I have been praying — though theres not a lot of time for it with all the prayers Im receiving.

– Anne Jay – December 22 Email

Deceased – December 26, 2020

I had already made my annual word choice for 2021, and then my friend Anne passed away. I’d pretty much finished writing this column, and then, my friend died. Now, what I know, deep in my heart, faced with the reality that I am breathing and she is not, is that courageis the right word for my new year.

I had chosen focusas my new year mantra before I went on a silent retreat in December. Like many of us, I move from one task to the next, sometimes completing one, most times not,  letting an entire day pass with reminders dangling from my to-do list, little tasks hanging on to avoid disappearance by a strikethrough. However, on December 12, at the end of a session of “spiritual conversation,” a priest challenged me to consider a new direction.

“What one thing should I be taking away from all of this?” I asked after one-half hour of  rambling on and on about purpose, change, and growth in my mature life.

“Courage,” he said.

“Courage?” I repeated, perplexed, wondering if we were communicating in the same language.


And there it was. No explanation, no how-to, or why. Just a simple mandate to focus on courage. What had he heard in my conversation that prompted him to believe that I needed courage? He didn’t elaborate. Instead, I’ve been left to my own devices of contemplation, rumination, even prayer to try to understand how this man was advising me.

Less than two weeks later, on Christmas Eve, when Anne suffered two cardiac arrests as aftershocks of Stage 4 uterine cancer, I received a Christmas card. Anita, a best friend, a person that has been in my life since second grade, sent me a notecard titled, “Yes, You Can!” The card is filled with quotations on…wait for it…courage. It begins with a simple explanation from Erica Jong: Courage is the only magic worth having.

Before I explore what courage implies for me, I Googled the word for definition and grounding. Courage is “the ability to do something that frightens one…strength in the face of pain or grief.” Furthermore, I learned that courage entails doing things we don’t like and choosing to maintain standards. Evidently, lowering one’s standards to go along with the crowd does not pass for courage.

People have studied and characterized courage. According to Dr. Melanie Greenberg writing for Psychology Today, courage has six attributes:


  1. Feeling Fear Yet Choosing to Act
  2. Following Your Heart
  3. Persevering in the Face of Adversity
  4. Standing Up For What Is Right
  5. Expanding Your Horizons; Letting Go of the Familiar
  6. Facing Suffering With Dignity or Faith


That last one scares me a bit. Was the priest foreshadowing more pain in the new year? Did he have some inkling that my last days of 2020 would end in loss? Maybe, in letting go of the familiar, I will have to forge new paths and smooth the rough edges of my identity.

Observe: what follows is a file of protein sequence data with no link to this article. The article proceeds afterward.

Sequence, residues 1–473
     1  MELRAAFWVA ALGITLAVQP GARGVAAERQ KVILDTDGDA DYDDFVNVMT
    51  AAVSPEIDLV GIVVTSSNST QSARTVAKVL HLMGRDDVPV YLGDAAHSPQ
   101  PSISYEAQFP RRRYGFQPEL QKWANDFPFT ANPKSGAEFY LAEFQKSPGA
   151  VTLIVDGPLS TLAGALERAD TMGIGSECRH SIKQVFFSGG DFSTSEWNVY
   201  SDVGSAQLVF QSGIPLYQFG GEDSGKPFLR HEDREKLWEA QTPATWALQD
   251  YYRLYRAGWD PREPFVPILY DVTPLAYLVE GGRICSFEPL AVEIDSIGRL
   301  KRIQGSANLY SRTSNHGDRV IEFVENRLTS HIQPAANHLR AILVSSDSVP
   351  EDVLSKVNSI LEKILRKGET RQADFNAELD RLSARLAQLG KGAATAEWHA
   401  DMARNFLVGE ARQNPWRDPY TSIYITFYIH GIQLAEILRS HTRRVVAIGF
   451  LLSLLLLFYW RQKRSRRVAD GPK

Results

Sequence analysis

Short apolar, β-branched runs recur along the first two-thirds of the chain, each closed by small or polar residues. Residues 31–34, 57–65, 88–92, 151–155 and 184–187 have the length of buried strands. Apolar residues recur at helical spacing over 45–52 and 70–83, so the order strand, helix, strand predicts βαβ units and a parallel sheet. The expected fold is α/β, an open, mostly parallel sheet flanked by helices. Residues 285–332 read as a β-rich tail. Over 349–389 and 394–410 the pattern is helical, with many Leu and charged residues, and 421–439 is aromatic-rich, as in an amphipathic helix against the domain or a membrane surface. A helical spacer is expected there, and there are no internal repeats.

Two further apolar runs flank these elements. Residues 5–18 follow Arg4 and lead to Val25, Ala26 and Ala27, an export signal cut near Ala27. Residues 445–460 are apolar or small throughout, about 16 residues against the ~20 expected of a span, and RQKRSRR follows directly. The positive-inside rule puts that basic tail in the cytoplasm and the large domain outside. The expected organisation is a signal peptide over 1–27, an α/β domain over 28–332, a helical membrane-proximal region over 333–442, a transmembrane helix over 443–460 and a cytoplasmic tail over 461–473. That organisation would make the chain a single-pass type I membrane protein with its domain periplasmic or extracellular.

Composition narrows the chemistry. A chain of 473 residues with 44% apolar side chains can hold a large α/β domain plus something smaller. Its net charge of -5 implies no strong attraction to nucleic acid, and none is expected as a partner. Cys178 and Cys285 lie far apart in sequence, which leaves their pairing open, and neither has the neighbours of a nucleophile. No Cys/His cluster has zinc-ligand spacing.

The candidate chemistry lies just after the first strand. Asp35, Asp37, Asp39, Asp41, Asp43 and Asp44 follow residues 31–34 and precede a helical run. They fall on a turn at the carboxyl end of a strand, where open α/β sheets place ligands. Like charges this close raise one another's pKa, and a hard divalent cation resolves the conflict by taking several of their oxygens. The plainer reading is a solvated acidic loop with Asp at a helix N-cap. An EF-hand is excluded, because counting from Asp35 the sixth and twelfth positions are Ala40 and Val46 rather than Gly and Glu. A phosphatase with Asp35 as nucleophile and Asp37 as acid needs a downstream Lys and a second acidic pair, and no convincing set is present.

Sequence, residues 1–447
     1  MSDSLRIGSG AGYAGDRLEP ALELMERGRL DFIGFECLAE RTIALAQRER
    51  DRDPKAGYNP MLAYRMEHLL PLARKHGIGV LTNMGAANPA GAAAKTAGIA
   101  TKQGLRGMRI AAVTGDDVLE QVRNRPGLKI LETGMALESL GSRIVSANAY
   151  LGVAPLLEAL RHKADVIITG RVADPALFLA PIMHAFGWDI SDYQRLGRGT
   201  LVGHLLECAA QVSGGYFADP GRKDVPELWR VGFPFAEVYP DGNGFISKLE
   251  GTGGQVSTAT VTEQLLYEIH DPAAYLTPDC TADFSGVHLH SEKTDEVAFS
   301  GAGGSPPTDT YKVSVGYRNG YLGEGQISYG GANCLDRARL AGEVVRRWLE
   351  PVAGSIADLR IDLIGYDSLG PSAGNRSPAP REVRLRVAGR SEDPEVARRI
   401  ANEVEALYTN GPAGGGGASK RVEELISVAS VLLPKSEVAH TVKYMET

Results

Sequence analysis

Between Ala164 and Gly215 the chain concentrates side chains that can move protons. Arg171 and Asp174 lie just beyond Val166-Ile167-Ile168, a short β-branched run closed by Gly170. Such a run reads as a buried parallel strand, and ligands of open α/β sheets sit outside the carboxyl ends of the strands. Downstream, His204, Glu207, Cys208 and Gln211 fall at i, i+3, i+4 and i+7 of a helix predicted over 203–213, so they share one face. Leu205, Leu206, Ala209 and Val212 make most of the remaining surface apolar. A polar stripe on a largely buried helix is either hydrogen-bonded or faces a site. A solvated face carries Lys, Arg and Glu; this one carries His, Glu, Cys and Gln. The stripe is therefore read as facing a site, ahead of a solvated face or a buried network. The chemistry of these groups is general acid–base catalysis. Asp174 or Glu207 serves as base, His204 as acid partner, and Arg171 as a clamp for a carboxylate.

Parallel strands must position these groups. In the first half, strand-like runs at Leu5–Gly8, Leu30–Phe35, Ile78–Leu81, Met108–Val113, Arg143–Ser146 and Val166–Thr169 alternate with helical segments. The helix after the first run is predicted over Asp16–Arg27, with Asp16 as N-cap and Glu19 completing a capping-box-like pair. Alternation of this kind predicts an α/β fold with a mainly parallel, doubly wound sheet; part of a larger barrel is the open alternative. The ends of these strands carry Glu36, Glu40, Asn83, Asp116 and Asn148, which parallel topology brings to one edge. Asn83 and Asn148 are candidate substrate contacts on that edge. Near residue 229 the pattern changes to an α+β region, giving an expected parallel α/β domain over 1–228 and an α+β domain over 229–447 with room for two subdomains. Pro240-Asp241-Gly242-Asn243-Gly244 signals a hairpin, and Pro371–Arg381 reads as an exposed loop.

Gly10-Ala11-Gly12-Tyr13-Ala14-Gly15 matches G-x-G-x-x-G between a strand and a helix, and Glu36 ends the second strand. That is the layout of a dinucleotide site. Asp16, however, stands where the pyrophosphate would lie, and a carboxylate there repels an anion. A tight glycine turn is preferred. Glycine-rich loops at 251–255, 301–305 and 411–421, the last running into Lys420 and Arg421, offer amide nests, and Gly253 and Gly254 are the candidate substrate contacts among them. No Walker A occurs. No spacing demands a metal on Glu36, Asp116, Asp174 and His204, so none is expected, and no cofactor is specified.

Another writer, Dr. Cathy J. Lassiter, goes further by breaking courage down into four types:


  1. Moral Courage – Standing up when people are treated unfairly.
  2. Intellectual Courage – Changing old assumptions, acting to change based on new learning.
  3. Disciplined Courage – Remaining steadfast for a greater good in the face of setbacks and failures.
  4. Empathetic Courage – Acknowledging personal bias and intentionally moving away from it to vicariously experience the trials and triumphs of others.


Courage is a jam-packed challenge.

In considering the new year, I think about mystery, restlessness, and tending to others. Do these concepts go hand in hand with courage? Courage to face the unknown. Courage to venture out and meet my restlessness with concrete action. Courage to understand the needs of others, be less solitary and get involved.

Again, I do not know what the priest heard when he listened to me. I do not know if he understands courage as defined by contemporary writers. In my faith tradition, courage is a gift from the Holy Spirit. A person gifted with courage is willing to stand up for what is right in the sight of God, even if it means accepting rejection, verbal abuse, physical harm, or death. Surely, Father Joe isn’t expecting me to die for anything. Maybe, on some metaphorical level, the virtue is to die to self. It’s always about that in some way or another, right?

Thinking, writing, seeking, consulting…all acts drilling down to a decision to choose my guiding light through 2021. And then, Anne dies. I met Anne thirteen years ago at Queens University in Charlotte. Both of us were pursuing our second graduate degree, only this time we were following our passion to write. For the past three years, we’ve been meeting on-line with Jo, another MFA alumni, critiquing our work, cheering one another on, and deepening a friendship across miles and states. I did not fully comprehend how very sick Anne was. One day we are communicating by email, the next, silence. A gentle light in this world has been quelled.

Courage is a great summons into the unknown. Dr. Martin Luther King, Jr. encouraged us:Take the first step in faith. You don’t have to see the whole staircase, just take the first step. In her Christmas gift, Anita didn’t know I was ready to accept courage as my new year adventure. I didn’t either.

Goodbye my dear, dear Anne. I will listen for you in the wind when I need to be brave. I will take to heart the very last thing you taught me — be open to receive. If you happen to be reading my heart, send a little courage my way in this new year. I’m ready. We all are.